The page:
Just read Matt Taibbi’s incendiary rant on Goldman Sachs, after hearing him on NPR yesterday. How wonderfully angry he is! And to hear him saying the same things I’ve been saying for months to years now, but coherently and with independent fact checking … neat!
The article is very much about how Goldman Sachs specializes in riding the leading edge of securities and trading fraud. They seem to have mastered the idea of both making the rules and exploiting them. Convincing the government to bail out AIG (so that AIG could pay off their debts to Goldman) and at the same time allowing Lehman Brothers (Sach’s big competitor) to default. Genius! While that’s all true, I really resonated with something he said on the radio:
When I was somewhat naive about these things, I would hear about big bonuses and profits for bankers and wall street types and assume that meant that, in general, the economy was doing well. That they were some sort of barometer for our national finances as a whole. The reality is this though: Any profits and bonuses shown by the finance houses are money removed from the useful economy. That money does not go to create jobs, to invest in businesses, or anywhere but the least useful place in any economy: Rich people’s pockets.
In the article, he also makes the important distinction that the banking assholes with whom I’ve dined over the years never seem to get: There are companies and people who produce things or provide services to other people or companies … and then there are the fucking parasites. Banks are parasites. Banks and finance houses do provide some valuable services – but they also pull money *out* of the system and they don’t directly *produce* anything. That’s fine and good as long as they make the system more effective as a whole. When the parasite nearly kills the host (as it seems to do every decade or so), it’s time for a purge.
A related point is that when the derivatives market exceeds the size of the *real things* market (oil futures as opposed to oil itself, for example) price fixing, bubbles, and a crash are the inevitable result.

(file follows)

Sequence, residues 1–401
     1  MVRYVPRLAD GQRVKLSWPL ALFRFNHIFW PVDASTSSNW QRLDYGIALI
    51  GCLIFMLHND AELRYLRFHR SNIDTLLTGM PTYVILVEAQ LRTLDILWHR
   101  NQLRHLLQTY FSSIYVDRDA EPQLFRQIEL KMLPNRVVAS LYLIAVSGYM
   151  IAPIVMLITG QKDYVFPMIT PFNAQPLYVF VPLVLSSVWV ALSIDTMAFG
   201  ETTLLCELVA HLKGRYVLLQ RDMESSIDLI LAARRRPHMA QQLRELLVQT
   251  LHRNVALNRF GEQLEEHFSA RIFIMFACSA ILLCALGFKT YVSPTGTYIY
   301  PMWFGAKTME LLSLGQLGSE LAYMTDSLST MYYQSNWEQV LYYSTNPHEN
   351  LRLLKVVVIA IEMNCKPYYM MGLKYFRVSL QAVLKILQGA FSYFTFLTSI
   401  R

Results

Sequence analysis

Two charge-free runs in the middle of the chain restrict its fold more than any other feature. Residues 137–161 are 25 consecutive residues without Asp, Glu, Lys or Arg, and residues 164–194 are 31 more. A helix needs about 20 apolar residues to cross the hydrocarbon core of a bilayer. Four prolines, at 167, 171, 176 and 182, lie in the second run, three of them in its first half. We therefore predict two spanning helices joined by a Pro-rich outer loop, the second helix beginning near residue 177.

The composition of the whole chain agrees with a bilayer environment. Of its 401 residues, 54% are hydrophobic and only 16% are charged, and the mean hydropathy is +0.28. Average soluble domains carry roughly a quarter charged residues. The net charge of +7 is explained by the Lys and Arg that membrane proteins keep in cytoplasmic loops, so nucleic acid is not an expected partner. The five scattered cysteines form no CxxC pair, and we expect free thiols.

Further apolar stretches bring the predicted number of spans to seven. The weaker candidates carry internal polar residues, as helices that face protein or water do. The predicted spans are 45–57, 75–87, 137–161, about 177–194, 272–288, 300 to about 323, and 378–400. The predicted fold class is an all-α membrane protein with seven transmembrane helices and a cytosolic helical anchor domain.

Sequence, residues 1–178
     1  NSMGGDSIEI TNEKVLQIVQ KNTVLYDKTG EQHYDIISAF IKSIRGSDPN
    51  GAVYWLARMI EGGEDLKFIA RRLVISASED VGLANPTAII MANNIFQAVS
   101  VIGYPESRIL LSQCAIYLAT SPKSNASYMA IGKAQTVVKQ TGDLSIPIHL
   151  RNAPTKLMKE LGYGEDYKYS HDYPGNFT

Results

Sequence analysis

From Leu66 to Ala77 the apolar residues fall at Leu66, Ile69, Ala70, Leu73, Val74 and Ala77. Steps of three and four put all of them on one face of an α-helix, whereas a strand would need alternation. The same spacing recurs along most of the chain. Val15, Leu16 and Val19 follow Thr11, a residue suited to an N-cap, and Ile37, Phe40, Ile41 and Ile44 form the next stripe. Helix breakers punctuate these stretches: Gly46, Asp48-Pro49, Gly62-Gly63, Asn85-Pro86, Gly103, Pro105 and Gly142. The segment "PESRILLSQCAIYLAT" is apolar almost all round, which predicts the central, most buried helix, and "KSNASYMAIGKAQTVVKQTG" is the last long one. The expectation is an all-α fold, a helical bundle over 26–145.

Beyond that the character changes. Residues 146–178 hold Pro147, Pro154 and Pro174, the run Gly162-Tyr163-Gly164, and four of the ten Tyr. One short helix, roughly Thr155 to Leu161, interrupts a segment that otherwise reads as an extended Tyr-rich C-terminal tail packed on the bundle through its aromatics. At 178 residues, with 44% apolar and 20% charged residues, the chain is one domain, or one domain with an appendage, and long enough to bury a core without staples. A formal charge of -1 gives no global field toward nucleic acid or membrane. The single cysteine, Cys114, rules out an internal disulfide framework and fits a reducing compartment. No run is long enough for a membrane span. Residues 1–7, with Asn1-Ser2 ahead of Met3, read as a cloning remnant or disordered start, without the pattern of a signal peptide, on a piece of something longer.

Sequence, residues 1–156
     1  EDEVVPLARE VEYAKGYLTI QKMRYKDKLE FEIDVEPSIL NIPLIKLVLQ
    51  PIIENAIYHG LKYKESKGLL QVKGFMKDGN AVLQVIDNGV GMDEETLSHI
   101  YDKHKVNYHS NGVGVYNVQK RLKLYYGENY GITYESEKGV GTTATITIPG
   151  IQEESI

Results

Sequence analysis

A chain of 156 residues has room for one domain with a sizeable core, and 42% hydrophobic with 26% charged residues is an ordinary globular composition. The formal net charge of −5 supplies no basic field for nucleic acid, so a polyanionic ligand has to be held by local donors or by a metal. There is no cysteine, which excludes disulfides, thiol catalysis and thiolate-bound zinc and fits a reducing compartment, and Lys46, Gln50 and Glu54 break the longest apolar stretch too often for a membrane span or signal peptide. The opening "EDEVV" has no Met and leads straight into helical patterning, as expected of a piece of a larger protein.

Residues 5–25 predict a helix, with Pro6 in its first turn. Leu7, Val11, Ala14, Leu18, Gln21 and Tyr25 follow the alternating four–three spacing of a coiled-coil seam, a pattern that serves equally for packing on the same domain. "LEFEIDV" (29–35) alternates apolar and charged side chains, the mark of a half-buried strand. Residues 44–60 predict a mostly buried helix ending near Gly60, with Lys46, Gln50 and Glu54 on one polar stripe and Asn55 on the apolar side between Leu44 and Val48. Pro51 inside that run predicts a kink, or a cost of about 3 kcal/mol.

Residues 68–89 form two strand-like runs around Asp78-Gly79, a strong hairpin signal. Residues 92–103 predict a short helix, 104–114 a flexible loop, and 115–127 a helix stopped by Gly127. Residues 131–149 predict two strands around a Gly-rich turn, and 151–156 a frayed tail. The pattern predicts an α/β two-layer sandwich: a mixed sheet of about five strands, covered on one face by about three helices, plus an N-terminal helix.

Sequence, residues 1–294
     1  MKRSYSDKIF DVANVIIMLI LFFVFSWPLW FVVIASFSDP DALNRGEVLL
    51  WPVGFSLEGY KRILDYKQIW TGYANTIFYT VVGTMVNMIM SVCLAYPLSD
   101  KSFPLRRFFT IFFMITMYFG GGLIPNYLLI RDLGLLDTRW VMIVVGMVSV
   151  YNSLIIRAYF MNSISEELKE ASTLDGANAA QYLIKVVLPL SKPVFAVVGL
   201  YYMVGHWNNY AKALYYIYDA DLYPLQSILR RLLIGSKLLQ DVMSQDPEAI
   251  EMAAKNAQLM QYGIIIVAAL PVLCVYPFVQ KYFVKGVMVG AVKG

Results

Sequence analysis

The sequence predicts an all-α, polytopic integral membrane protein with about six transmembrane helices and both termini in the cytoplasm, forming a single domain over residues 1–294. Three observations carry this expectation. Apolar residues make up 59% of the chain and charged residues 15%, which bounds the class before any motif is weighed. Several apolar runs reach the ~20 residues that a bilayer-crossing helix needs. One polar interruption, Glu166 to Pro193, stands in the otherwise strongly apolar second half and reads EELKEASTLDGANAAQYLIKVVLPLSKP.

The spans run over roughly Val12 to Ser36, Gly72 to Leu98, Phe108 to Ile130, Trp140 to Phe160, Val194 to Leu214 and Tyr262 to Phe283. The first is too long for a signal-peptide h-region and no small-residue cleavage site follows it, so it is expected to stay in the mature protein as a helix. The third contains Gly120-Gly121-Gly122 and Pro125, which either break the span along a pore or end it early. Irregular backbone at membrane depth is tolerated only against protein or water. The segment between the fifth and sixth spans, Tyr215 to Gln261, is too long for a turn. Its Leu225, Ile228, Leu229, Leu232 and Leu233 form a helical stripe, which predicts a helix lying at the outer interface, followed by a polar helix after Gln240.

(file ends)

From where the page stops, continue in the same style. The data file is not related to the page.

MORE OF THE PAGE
After the endorphins wore off, I settled down into a bit of a funk. Here I am with my 10 years worth of retirement savings, my fresh mortgage, my recently paid off credit cards, and my decent earning potential for the coming couple of decades. I would like to be able to stop working at some point with a reasonable nest egg. I don’t want millions … but I want my house paid off and I want to not fear the idea that I might live well past 100 years old.
What’s a bright, enterprising guy to do when the sharks are busily feeding in the waters of finance?
Well first off, don’t swim with the sharks. Day trading and small time investing are for suckers. I treat that crap like going to vegas and playing blackjack. It’s possible to make a small profit by working very hard and never making mistakes. However, at the end of the day you’ll still have to look yourself in the mirror and realize that you could have spent the day creating something rather than trying to scam the world out of a few bucks. Also, the house always wins in the long run.
Secondly, buy into companies that pay dividends. Invest in companies that use their money to make things or to provide services, and demand dividends. Paper is worthless, Wall Street’s estimates of corporate value are worthless. We all thought we were rich because we owned shares of artificially inflated companies. You know what I want now? I want to do business with companies who will *pay me* for the privilege of holding my money. You know what they call that? It’s a savings account, a money market, or a certificate of deposit. It’s a bond. It’s also investing in power companies. God, I love power companies.
Thirdly, live well within my means. We’re on the way to this – and as of October 1 we’ll be rational again (right now the house and apartment are overlapping and it’s a little crazy).
Finally – to return to the first point: Do not swim with the sharks.